alexa Modified Methylene Blue Screening Method for Significant Bacteriuria | Open Access Journals
ISSN: 2327-5073
Clinical Microbiology: Open Access
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Modified Methylene Blue Screening Method for Significant Bacteriuria

Alo Moses Nnaemeka1 and UgahUchenna Iyioku2*

1Department of Biological Sciences, Faculty of Science and Technology, Federal University, Ndufu – Alike Ikwo, Nigeria

2Department of Medical Biochemistry, Faculty of Basic Medical Sciences, Federal University, Ndufu – Alike, Ikwo, Nigeria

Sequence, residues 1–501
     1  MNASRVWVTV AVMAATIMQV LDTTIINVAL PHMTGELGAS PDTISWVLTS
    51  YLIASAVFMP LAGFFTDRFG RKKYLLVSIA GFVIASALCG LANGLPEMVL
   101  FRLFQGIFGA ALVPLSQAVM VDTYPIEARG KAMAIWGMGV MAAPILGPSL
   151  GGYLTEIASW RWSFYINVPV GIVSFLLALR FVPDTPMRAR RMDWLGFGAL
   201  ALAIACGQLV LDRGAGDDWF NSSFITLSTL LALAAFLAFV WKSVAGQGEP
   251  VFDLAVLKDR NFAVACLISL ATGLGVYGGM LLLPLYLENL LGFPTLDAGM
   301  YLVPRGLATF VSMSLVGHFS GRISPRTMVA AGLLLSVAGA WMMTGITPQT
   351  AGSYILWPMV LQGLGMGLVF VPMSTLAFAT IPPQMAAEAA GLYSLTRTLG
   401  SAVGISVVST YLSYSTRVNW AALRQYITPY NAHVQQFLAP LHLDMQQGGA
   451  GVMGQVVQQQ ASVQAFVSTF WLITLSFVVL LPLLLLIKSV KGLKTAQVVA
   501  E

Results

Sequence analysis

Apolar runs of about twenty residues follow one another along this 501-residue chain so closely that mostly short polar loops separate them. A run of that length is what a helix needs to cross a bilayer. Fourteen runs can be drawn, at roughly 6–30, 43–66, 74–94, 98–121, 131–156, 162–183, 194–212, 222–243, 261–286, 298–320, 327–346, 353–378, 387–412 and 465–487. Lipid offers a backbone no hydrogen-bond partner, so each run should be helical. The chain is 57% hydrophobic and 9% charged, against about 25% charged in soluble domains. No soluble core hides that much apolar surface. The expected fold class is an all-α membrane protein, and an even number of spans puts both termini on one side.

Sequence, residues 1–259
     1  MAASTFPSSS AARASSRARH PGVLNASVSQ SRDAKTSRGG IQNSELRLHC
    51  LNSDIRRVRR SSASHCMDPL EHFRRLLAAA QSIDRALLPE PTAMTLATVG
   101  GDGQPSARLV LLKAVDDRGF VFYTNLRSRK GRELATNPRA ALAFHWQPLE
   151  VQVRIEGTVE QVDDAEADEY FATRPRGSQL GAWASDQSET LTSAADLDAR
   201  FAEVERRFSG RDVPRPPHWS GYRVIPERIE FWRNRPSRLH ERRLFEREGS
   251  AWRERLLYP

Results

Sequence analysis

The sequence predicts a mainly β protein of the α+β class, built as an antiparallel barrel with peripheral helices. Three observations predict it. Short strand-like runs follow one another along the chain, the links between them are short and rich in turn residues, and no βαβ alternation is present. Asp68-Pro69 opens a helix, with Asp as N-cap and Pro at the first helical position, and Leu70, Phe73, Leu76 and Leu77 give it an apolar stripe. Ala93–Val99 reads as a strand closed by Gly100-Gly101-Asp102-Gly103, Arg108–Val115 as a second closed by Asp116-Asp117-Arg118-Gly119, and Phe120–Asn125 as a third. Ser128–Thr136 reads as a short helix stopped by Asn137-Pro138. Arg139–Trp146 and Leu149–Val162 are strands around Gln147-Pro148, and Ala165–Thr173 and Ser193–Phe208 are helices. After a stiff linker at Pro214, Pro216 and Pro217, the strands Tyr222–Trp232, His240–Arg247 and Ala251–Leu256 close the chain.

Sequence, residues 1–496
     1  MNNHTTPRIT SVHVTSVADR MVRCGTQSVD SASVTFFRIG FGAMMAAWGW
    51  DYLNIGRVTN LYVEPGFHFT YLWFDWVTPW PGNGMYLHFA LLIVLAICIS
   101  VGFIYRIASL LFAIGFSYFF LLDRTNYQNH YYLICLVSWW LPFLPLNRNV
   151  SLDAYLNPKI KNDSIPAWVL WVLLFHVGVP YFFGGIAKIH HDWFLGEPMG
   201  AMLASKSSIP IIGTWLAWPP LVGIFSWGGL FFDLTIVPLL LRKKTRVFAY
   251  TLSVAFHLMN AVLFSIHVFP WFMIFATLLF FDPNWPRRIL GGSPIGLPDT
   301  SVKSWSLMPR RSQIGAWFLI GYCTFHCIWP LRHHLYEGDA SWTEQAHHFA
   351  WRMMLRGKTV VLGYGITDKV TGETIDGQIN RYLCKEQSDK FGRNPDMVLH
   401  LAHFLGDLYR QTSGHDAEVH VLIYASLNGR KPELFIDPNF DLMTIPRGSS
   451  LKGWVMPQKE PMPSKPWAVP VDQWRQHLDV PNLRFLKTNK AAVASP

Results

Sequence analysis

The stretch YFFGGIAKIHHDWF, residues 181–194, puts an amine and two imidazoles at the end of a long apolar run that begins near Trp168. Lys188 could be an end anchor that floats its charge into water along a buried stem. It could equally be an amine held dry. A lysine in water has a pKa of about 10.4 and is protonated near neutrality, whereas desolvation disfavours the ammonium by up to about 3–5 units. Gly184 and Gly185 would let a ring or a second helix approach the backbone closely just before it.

*Corresponding Author:
Uchenna IyiokuUgah
Federal University Ndufu-Alike Ikwo
Abakaliki, Ebonyi State, Nigeria
Tel: 234 7062154353
E-mail: [email protected]

Received date: January 09, 2014; Accepted date: February 05, 2014; Published date: February 09, 2014

Citation: Nnaemeka AM, Iyioku UU (2014) Modified Methylene Blue Screening Method for Significant Bacteriuria. Clin Microbial 3:139. doi: 10.4172/2327-5073.1000139

Copyright: © 2014 Nnaemeka AM, et al. This is an open-access article distributed under the terms of the Creative Commons Attribution License, which permits unrestricted use, distribution, and reproduction in any medium, provided the original author and source are credited.

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Abstract